B-North plans to open a national network of small business-only bank branches across England by the end of 2020.
The start-up bank, which has raised £4.5m in seed funding so far, plans to offer small business loans of anything between £500,000 up to £5m when it opens its doors.
Manchester will be the first B-North branch (or “lending pod”) to open next year, followed by branches opening in Yorkshire, the Midlands and London in stage one. B-North has identified another four locations for stage two.
Founders of the bank – which is currently in the process of applying for a banking licence – believe there is a gap in the market for an SME lender offering loans higher than the almost-instant debt offered by fintechs and peer-to-peer lenders, while offering faster lending decisions than incumbent high-street banks.
Spotcap, for example, offers loans of up to £250,000 to small businesses, priding itself on one-day decisions, while rival Esme offers fully automated SME loans of up to £150,000.
Currently, with traditional banks, requests for loans have to be passed upward to head office and can take between three and four months to be rubber stamped.
B-North’s highly localised model will allow loans to be made to SMEs within 10 days.
B-North, whose founders are drawn from Atom Bank, Santander and First Direct, also wants to harness cutting-edge data technology to traditional face-to-face lending. Although local branches will be given autonomy to make lending decisions, bank officials will parse data including social media sentiment towards any borrower.
“Nobody likes to do things online only,” said Jonathan Thompson, CEO and co-founder of B-North, previously a divisional managing director at Santander. “We see the human touch as key when making lending decisions, and we want branches to have that autonomy. On the other hand, we’re not shackled by legacy IT systems or legacy infrastructure.”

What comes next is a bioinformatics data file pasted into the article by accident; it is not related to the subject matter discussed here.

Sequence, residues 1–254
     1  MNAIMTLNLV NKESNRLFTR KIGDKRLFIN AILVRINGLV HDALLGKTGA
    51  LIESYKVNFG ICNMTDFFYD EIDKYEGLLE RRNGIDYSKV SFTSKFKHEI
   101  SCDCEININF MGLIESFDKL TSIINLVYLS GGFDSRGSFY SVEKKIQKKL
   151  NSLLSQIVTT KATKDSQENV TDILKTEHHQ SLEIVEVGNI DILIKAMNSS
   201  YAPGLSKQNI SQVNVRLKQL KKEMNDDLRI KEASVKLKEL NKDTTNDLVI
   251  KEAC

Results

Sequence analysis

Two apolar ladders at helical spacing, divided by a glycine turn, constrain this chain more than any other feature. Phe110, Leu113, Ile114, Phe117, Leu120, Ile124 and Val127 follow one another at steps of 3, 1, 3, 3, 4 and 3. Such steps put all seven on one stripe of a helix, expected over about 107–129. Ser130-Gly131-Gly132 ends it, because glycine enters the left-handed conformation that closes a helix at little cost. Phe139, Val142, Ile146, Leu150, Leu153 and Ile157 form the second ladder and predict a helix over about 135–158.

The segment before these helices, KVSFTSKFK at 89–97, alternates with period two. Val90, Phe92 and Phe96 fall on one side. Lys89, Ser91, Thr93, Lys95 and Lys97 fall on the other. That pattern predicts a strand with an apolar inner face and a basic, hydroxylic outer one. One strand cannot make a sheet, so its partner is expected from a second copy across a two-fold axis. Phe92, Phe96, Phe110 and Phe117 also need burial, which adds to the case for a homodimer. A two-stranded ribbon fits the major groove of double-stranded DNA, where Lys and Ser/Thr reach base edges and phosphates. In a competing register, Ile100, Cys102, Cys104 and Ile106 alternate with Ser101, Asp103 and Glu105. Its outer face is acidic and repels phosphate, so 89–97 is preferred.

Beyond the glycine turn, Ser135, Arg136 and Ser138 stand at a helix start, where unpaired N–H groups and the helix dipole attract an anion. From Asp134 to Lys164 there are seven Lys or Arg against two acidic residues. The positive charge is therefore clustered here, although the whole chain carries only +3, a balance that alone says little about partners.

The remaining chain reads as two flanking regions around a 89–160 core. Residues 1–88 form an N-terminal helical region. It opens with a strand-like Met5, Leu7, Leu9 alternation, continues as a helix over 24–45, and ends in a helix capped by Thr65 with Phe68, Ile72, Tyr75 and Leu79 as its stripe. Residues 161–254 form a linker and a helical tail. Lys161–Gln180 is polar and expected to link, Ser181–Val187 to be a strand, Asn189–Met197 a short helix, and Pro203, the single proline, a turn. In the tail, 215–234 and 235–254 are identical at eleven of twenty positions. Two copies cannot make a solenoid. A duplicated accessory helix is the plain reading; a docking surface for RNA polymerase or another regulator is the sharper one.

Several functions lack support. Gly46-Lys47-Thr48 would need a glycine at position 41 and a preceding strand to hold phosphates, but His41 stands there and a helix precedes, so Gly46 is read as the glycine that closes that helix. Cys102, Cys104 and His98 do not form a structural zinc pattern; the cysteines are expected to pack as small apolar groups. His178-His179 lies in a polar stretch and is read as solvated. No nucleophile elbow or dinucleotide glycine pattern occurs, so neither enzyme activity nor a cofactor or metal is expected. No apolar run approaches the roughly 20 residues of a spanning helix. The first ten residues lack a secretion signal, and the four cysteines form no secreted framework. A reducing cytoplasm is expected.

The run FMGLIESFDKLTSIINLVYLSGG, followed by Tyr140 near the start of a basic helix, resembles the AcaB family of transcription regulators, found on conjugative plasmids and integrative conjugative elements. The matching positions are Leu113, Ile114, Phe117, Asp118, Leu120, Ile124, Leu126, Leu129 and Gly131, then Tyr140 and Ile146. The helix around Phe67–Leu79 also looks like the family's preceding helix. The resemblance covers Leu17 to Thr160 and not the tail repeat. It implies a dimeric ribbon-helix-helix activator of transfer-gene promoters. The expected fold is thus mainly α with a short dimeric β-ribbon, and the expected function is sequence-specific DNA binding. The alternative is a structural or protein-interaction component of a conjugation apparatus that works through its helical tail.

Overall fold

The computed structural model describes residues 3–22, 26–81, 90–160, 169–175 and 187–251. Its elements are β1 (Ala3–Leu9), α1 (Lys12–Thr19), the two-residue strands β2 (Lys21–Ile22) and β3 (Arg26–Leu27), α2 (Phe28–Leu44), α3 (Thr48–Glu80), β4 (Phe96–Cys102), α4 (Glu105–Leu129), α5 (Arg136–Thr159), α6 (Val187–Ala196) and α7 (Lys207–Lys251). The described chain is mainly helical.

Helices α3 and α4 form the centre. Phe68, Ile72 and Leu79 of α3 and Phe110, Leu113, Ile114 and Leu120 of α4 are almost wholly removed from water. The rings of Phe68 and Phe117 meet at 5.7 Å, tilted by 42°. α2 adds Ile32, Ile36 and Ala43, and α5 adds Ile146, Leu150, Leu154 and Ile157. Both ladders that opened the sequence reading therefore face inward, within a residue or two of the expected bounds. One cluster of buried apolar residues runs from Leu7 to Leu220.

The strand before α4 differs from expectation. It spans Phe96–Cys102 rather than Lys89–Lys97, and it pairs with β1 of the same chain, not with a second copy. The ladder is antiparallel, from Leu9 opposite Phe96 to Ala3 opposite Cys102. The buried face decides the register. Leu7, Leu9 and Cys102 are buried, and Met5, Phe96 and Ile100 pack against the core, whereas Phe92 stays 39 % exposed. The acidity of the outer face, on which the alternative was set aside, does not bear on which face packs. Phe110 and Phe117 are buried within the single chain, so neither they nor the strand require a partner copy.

As for where its business is going to come from, B-North sees 70pc of loan referrals coming through the growing popularity of the financial broker network, as clearing banks withdraw from the small business lending market. The other 30pc will come from branch walk-ins.
Of course, a bank is in the business of making loans and B-North does not itself as yet have much cash in the bank.
Once its crucial banking licence is approved, B-North plans to offer fixed-term bonds to private investors to raise capital. Thompson admits that as a dedicated SME lender, his capital base has to be triple that of what’s required for a traditional high-street bank.
Products that B-North plans to offer include business loans, revolving credit facilities and buy-to-let finance.
British Business Bank is in talks with B-North about supporting its ambitions.
Last month, the Greater Manchester Combined Authority (GMCA) invested in B-North ahead of its opening the Manchester branch.
Small and medium-sized enterprises (SMEs) make up the vast bulk of the northern UK economy – according to an IPPR report in February 2019, 99.8pc of North England businesses have fewer than 250 employees.
Thompson said: “There are 5.6m small businesses operating in the UK, comprising 61pc of the UK workforce: that’s an integral part of the UK economy, which we anticipate will only increase as the UK’s relationship with the EU evolves and we become more reliant on ‘home-grown’ enterprise. The ‘Northern Powerhouse’ already contributes significantly and is an essential pat of the UK’s identity.”
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